• The Texas College of Medicine located in Galveston was opened in 1891.
  • At that time, the distribution and use of unclaimed human cadavers for teaching and research was illegal in the State of Texas.
    • Abuse of a corpse is still an offense in Texas (Texas Penal Code, Sect. 42.08)
  • First anatomical bill was passed in 1907 by the Texas State Legislature (HB 264) creating the Anatomical Board of the State of Texas
  • Purpose of the Anatomical Board was to regulate the distribution of cadavers among institutions and individuals eligible to receive cadavers, approve facilities where cadavers were to be held and dissected, and to maintain records of cadavers which came under the supervision of the Board.
  • First Texas Transplantation Law
    • HB 264, 1959, 56th Legislature, Regular Session
    • Stipulated for organs to be used in transplant surgeries
    • Forerunner to the Uniform Anatomical Gift Act – currently THSC, Chapter 692A
  • In 1961 the Legislature amended the statute to broaden the board’s jurisdiction to include bodies “willed” for the purpose of advancing medical science.
    • The board collected fees for the receipt of cadavers from the approved institutions although they had no statutory authority to either set or collect these fees.
    • Even though the initial authority of the board was over all the afore mentioned educational institutions, the board only had direct control of the bodies donated to the board itself, not those donated to individual institutions.
  • Anatomical Board of the State of Texas
    • In 1985 the Legislature again amended the statute (SB 201, 69th Legislative Session) following Sunset Review
    • Highlights of these changes were
      1. reducing the number of board members from two to one representative from each school,
      2. specified a two-year term of office for both members and officers,
      3. gave the board statutory authority to collect fees,
      4. made the anatomical board an approved donee under the Anatomic Gift Act,
      5. allowed the board to promulgate rules for the transfer of bodies to approved institutions outside the State of Texas,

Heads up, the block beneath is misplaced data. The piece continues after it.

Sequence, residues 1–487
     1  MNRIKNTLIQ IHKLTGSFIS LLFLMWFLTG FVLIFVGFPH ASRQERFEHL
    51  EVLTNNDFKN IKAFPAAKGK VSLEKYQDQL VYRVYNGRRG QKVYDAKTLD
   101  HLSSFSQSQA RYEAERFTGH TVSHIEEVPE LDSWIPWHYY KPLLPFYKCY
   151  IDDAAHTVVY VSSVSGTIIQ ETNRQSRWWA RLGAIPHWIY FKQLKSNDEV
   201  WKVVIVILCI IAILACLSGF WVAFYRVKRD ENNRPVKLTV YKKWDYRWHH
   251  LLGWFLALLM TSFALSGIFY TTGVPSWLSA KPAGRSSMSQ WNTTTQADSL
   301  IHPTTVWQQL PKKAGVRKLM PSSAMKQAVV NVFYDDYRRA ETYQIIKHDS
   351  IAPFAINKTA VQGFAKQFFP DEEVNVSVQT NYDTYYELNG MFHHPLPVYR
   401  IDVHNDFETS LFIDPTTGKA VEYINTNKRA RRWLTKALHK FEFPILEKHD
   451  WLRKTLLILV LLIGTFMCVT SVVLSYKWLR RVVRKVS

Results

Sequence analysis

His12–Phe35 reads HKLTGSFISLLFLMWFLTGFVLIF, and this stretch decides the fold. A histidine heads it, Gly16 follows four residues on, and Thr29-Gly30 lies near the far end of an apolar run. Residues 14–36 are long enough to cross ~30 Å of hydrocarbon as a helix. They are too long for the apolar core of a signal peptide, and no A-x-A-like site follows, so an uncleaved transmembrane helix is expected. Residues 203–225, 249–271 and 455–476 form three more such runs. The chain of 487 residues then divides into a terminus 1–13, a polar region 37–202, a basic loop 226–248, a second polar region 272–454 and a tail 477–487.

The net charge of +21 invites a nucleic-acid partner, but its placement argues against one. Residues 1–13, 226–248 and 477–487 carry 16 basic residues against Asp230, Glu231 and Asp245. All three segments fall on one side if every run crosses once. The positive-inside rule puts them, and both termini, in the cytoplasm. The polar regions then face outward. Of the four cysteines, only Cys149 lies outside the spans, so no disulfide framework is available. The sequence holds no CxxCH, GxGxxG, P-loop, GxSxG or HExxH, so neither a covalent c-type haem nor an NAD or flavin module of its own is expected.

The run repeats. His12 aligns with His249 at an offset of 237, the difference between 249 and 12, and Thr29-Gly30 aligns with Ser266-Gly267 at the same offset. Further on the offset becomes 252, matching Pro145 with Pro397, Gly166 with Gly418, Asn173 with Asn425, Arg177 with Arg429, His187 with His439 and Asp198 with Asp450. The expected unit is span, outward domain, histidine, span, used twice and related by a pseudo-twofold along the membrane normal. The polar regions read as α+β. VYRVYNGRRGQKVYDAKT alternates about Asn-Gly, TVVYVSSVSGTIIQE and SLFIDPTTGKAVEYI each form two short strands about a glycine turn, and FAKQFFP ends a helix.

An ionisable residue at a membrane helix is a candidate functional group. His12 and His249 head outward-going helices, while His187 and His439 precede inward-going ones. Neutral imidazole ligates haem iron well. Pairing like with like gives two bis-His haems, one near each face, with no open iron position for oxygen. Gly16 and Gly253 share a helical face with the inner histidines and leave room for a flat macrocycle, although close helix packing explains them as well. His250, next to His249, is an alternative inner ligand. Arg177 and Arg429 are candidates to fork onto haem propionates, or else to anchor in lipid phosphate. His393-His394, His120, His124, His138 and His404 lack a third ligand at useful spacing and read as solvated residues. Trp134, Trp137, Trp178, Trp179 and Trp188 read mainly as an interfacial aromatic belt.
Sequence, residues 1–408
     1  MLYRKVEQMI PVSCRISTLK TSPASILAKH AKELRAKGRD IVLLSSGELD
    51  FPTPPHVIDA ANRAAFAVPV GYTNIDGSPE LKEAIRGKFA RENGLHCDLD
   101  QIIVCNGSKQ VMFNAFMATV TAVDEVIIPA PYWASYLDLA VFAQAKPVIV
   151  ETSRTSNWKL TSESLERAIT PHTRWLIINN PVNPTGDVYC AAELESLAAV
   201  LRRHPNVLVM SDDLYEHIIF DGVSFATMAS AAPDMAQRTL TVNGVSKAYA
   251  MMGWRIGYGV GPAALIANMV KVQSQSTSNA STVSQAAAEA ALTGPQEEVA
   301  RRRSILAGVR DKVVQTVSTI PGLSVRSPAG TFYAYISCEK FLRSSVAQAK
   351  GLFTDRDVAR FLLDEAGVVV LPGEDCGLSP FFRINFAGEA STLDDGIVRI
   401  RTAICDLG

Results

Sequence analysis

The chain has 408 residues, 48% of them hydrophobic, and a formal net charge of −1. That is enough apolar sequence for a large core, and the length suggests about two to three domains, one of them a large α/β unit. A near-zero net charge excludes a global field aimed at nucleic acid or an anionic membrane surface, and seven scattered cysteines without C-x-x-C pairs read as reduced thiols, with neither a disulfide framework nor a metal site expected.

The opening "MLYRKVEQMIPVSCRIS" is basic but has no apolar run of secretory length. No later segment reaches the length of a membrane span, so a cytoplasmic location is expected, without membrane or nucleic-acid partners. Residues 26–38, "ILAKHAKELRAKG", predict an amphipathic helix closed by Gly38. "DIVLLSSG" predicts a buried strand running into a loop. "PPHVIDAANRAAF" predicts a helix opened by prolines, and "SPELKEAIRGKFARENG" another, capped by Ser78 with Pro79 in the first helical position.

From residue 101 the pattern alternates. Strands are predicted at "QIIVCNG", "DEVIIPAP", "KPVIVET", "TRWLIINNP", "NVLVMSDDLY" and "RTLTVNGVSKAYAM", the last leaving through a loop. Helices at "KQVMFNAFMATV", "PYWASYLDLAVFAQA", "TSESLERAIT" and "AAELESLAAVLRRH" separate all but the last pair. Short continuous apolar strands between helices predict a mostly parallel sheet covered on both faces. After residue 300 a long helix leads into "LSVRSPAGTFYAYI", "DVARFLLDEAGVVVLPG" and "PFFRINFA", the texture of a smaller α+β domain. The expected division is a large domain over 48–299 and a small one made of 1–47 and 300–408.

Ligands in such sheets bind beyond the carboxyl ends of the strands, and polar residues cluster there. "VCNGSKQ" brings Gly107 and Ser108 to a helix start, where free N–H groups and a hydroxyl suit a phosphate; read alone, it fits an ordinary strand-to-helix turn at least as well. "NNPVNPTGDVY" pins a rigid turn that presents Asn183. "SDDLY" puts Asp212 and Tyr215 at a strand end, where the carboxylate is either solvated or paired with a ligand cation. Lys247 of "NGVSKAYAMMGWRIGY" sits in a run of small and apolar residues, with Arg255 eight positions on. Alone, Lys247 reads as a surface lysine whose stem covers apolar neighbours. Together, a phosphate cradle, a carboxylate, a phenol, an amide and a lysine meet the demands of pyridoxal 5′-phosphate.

6. clarified the board’s authority to inspect and approve institutions and facilities for the receipt and use of cadavers,
      7. authorized the board to revoke authorization of an institution to receive and use cadavers rather than requiring a penalty bond to ensure proper use of cadavers,
      8. removed any authority of the Anatomical Board over animal experimentation, and
      9. exempted the Anatomical Board from the State Funds Reform Act of 1981 thus allowing the board to continue to deposit its funds into a local bank account under control of the Secretary-Treasurer
  • Anatomical Board of the State of Texas
    • The Anatomical Board has operated under the provisions of the 1985 revisions of THSC, Chapter 691 with minor changes since then
    • Requirement for Sunset review was eliminated in1989 when the Health & Safety Code was codified in HB 2136, 71st Legislature
    • SB 1214, 2015 changes to THSC Chapter 691 and  25 TAC Part 4 to allow Forensic Science educational programs that had autonomous Willed Body Programs to operate under control of the Anatomical Board and to allow Willed Body Program specimens to be transferred to recognized Search and Rescue organizations for training of S&R dogs and personnel.
  • In 2009, the Revised Uniform Anatomical Gift Act (THSC 692A) allowed donations to eye and tissue banks, with the use of whole-body donations to be coordinated by the Anatomical Board.


  • Enabling legislation is in the Texas Health and Safety Code

NOTE: The legislature recently amended Ch. 692, giving the Anatomical Board responsibility for coordinating all whole body donations in the State of Texas. The Board is currently defining its policies and procedures for managing this new responsibility.